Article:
Thursday, June 4, 2009

Pakistan Releases 26/11 Accused

In a setback to the 26/11 probe, banned Jamaat-ud-Dawa (JuD) chief Hafiz Muhammad Saeed, who had been under house arrest for nearly six months for his suspected role in the Mumbai terror attacks, has been set free by the Lahore High Court. A close aide of 59-year-old Saeed, Col Nazir Mohammad (retd), also held in connection with the same attacks, too, was set free.

Notably, Saeed was put under house arrest on December 11, 2008 after the UN Security Council banned JuD, declaring it a front for Lashkar-e-Taiba (LeT), which is blamed by India for the November 26 Mumbai attacks. He and Colonel (retd) Nazeer Ahmed, another JuD leader who was held in the crackdown, challenged their detention in the Lahore High Court. Originally there were four petitioners but two were released by a detention review board in May.

India, which made two demands of Pakistan in the wake of the Mumbai attacks — prosecute and punish the perpetrators; dismantle the terrorist infrastructure on Pakistani soil — was closely monitoring the case as a test of Islamabad’s intentions on both questions.

Five LeT activists, including Zakiur Rehman Lakhwi and Zarar Shah, are currently being tried by an anti-terrorism court in Rawalpindi for alleged involvement in the Mumbai attacks.

India has handed over three sets of dossiers on the 26/11 Mumbai attacks and also responded to the clarifications sought by Islamabad. In the dossier handed over in January this year, New Delhi had given the statement of Mohammed Ajmal Iman Kasab, the lone arrested terrorist in 26/11 attack, in which he described the role of the JuD chief.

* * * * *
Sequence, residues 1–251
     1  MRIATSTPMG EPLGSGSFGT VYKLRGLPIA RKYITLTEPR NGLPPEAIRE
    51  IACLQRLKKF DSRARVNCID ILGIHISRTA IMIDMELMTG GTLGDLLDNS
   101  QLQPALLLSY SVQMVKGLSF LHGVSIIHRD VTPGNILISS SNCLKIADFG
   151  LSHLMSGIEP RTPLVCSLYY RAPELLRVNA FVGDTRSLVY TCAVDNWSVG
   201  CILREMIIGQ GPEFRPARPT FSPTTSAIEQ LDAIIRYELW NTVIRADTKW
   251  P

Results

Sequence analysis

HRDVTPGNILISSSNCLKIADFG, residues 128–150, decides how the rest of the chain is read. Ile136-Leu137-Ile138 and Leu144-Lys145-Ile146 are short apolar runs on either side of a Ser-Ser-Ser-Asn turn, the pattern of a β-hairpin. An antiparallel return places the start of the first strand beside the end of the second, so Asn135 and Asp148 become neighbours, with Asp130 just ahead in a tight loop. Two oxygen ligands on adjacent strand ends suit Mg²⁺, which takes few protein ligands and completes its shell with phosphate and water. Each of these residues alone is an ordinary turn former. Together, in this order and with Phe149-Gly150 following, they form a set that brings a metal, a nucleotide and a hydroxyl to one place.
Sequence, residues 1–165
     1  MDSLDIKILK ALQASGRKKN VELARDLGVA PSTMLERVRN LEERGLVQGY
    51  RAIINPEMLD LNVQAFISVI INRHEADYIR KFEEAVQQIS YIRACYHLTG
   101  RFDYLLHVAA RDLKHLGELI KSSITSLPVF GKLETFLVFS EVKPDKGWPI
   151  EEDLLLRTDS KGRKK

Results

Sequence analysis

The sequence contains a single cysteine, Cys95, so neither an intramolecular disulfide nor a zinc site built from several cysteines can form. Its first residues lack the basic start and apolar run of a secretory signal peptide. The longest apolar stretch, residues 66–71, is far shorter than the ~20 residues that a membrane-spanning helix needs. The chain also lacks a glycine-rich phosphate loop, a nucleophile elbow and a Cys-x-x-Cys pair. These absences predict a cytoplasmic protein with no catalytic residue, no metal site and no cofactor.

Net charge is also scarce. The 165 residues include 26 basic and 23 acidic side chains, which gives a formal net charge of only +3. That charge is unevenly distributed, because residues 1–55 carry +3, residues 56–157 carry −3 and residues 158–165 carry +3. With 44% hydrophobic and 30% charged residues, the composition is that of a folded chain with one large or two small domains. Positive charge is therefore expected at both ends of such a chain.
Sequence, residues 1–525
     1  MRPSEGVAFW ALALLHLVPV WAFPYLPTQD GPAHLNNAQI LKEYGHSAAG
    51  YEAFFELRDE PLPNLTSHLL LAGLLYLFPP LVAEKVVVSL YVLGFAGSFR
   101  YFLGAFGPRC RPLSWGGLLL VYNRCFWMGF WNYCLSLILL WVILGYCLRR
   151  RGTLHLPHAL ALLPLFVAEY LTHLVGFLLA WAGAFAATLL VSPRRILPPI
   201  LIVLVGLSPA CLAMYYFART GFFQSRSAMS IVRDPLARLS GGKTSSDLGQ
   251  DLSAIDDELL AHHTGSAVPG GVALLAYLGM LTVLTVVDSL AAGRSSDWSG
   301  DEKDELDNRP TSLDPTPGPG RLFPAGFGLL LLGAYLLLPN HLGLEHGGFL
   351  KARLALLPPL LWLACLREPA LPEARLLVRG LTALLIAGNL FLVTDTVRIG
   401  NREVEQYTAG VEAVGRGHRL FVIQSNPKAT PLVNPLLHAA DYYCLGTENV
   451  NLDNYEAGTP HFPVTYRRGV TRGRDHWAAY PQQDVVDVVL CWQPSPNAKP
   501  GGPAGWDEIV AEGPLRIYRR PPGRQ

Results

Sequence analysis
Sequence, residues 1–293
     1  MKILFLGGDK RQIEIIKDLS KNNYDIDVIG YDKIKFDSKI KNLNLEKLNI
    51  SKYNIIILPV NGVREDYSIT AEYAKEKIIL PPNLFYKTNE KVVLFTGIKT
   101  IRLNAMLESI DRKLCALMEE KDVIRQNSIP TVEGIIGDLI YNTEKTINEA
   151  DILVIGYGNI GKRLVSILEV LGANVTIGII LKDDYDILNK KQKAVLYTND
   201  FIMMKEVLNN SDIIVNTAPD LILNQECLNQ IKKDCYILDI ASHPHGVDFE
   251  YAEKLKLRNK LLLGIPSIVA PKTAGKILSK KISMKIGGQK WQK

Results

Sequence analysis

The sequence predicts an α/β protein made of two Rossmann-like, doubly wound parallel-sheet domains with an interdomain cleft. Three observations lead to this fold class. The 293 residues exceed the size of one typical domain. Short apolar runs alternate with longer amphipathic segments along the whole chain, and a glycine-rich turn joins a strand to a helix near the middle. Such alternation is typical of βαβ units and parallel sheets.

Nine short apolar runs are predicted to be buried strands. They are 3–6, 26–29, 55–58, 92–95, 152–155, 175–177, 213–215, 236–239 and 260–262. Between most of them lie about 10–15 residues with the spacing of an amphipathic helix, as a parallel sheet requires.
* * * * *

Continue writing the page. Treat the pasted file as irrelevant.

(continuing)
Pakistan’s Dual Standard
The difference in Pakistan's words and actions has once again come to the fore. The Indian Government provided all necessary information about the terror attack on Mumbai to Pakistan, but Pakistan is accusing that Saeed has been released due to India's carelessness. Agreeing with India's argument, the United Nations had passed Resolution 1267 in December 2008, imposing a ban on the LeT and the JuD.

Since its birth, the LeT has emerged as one of the most dangerous terrorist organisations in the sub-continent. With its headquarters in Muridke, which is 45 km from Lahore, and six main militant training camps across Pakistan, the LeT has orchestrated numerous terrorist strikes in India, including the attack on Parliament House Complex in December 2001, the Mumbai train bombings in 2006 and the 26/11 fidayeen attack on Mumbai last November. Although proscribed as a terrorist organisation in 2001, the LeT continues its jihad with impunity. After the ban the LeT morphed into the JuD in 2002.

It is surprising that Pakistan cannot get its judiciary to agree to the arguments that were accepted by the world organization. In this situation, its claim of joining the global war against terrorism appears to be merely making mockery of the world opinion.

The Lahore High Court had extended Saeed's house arrest by two more months on May 6. What happened in the meantime that an order was passed releasing him only after 27 days? More than 45 persons were killed in an explosion near the Lahore High Court on May 27. Saeed was going to be produced in the court that day. It was suspected that the explosion was a part of the conspiracy to secure his release, but the government stated that the explosion was in retaliation to its military campaign in Swat. The Taliban held 400 students and teachers of a military school hostage in North Waziristan on June 1. Is Saeed's release part of the solution to resolve this crisis? If this is true, it proves the links between the Taliban and the JuD. After his release, Saeed clearly gave this indication by demanding withdrawal of the Army from Swat.